Fracturing the US Soccer Pyramid

Philly Soccer News published a brief story yesterday about a new professional soccer league reportedly kicking off in 2014 under the name American Professional Soccer (APS). So far teams are planned in Boston, Philadelphia, New Jersey, Maryland, Rhode Island, New Hampshire and an unknown location in the Midwest. According to the Philly Soccer News report the league plans on operating regionally at first before expanding its national footprint.

US Soccer PyramidAt this point, there are more questions than answers about this new league. It seems that any professional league seeking credibility would seek sanctioning from the Unites States Football Federation (USSF), and assuming APS does seek sanctioning, will they look to supplant the NPSL and PDL as a ‘professional’ fourth division? Or will they attempt to go head to head with USL Pro or NASL for second or third division status? Any way you slice this, the last thing we need is another regional ‘pro’ league with national ambitions. As it stands USL Pro and NASL don’t even have true nationwide footprints – and they are far more established than any new upstart pro league can hope to be.

USSF needs to step in and create true league standards for sanctioned leagues all the way down the pyramid. And this doesn’t just hold true for the APS. It stands for the American National Soccer League (which appears to be an offshoot founded by clubs from the defunct National Stars Soccer League) and members of the more recently defunct Southern Premier Soccer League (some of the SPSL clubs have since joined the NPSL). I’m sure these club and league owners have a great dream and a lot of heart for the beautiful game, but further fracturing the professional landscape in this country only sets back its development. As it stands there are good options at all levels of the pyramid for aspiring club owners. There are a host of USASA sanctioned leagues operating at local levels where clubs can be run on extremely small budgets. The NPSL represents another affordable option with a truly national footprint. United Soccer Leagues offers several quality leagues on both the men’s and women’s side of the game from the youth level, up to fourth division PDL, through third division USL Pro. For owners with even more ambition and financial clout there is second division NASL.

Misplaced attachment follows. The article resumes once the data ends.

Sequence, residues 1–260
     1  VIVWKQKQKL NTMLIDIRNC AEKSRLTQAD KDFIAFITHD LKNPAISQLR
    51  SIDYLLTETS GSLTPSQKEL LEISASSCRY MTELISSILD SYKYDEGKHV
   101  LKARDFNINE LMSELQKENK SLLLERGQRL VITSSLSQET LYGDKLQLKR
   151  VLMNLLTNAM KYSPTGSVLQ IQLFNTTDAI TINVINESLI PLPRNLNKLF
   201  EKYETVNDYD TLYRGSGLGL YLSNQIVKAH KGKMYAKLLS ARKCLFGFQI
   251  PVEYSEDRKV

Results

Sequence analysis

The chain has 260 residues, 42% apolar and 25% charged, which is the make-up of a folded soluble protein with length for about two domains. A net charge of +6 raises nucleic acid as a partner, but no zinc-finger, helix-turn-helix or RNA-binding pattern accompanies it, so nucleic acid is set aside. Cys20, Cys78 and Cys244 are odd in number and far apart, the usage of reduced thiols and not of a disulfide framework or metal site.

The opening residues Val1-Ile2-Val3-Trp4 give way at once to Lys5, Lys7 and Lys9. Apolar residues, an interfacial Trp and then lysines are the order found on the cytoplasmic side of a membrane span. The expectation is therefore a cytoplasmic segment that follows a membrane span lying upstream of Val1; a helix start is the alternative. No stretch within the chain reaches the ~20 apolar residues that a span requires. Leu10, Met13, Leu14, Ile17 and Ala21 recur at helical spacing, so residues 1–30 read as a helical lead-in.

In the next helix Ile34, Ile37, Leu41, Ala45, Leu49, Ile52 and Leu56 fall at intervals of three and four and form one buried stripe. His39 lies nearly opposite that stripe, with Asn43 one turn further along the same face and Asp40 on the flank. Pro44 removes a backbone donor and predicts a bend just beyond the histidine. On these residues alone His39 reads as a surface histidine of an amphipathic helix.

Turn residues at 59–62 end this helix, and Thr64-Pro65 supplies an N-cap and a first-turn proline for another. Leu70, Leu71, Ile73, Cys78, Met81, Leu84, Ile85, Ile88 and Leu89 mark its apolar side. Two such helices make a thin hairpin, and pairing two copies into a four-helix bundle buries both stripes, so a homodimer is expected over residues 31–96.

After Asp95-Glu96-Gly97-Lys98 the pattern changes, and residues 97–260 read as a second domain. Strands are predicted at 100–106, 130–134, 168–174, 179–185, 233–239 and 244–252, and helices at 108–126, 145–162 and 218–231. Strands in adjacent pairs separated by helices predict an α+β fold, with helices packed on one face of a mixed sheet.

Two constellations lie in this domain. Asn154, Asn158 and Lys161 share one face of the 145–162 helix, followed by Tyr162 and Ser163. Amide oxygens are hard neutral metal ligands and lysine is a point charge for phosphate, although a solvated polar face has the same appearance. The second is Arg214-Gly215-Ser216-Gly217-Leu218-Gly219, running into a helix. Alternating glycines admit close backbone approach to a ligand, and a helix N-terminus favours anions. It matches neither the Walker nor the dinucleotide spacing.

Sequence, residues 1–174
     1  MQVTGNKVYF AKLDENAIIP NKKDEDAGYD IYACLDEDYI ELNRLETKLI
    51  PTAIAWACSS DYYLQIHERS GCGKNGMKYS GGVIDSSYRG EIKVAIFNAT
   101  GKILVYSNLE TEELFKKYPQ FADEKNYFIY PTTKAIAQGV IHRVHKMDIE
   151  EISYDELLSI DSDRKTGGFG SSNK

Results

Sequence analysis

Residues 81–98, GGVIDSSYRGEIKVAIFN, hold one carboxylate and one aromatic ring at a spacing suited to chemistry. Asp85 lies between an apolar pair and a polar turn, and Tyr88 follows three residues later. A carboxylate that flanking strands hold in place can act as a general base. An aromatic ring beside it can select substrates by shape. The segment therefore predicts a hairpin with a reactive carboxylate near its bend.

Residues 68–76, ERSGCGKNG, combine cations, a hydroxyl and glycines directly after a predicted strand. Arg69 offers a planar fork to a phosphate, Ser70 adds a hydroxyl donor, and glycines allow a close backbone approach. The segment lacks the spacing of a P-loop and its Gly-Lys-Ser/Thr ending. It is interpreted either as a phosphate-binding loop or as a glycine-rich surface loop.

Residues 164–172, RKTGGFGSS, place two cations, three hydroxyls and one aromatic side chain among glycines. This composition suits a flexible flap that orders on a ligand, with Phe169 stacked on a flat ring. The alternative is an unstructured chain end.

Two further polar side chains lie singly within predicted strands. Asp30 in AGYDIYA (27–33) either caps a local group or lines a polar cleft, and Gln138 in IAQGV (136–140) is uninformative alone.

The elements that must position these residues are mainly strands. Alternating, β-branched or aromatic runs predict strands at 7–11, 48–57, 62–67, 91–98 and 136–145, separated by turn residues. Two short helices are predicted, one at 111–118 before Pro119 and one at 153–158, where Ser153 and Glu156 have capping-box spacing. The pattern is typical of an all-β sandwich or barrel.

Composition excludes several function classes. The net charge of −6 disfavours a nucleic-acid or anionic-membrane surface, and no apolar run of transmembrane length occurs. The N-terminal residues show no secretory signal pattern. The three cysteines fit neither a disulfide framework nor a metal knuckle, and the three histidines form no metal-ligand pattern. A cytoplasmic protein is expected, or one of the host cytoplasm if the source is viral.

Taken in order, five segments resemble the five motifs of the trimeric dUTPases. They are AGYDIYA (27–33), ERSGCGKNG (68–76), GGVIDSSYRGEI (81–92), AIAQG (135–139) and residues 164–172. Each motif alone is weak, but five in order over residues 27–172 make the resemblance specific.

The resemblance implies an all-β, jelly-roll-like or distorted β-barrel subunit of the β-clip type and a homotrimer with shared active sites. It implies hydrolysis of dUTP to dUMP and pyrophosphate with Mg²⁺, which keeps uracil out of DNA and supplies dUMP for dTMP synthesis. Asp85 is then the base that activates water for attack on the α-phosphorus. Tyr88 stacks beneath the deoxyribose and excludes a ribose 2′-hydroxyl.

I will readily admit each of these leagues has their own set of issues. But they are all reasonably established and offer a wide variety of options to cater to club owners particular desires. In fact, there are professional clubs operating in both the NPSL and PDL. By starting yet another league all we are doing is diluting the upper ends of the pyramid and perpetuating the instability that already plagues our second, third, and fourth divisions.


9 thoughts on “Fracturing the US Soccer Pyramid

  1. Jordan – I can’t agree with you more about the USSF stepping in to set standards. It’s unfortunate that they haven’t done much in the way of this yet. However, I came across the article below about CONCACAF stepping in to establish club standards throughout the region. Hopefully it translates to levels lower than just the top tiers. Worth a look…,,12813~3161602,00.html

    1. Copying and pasting worked. Something like this would certainly help long term, though I would be interested to see the particular ‘standards’ that would be established. Seems a bit nebulous at this point. Good find!

  2. This is a total mess… why can’t we have a system like everyone else with promotion and relegation??? Here is the size of the wallet who buys a spot in the league. U.S. is stucked with this nonsense for years and is not benefitting soccer at all.

    1. I agree 100%. The real reason is the business aspect of sports in our country. Franchising clubs keeps the system closed and regulated which offers a measure of stability and more certain profit margins. MLS doesn’t want to mimic the EPL they want to be the NFL.

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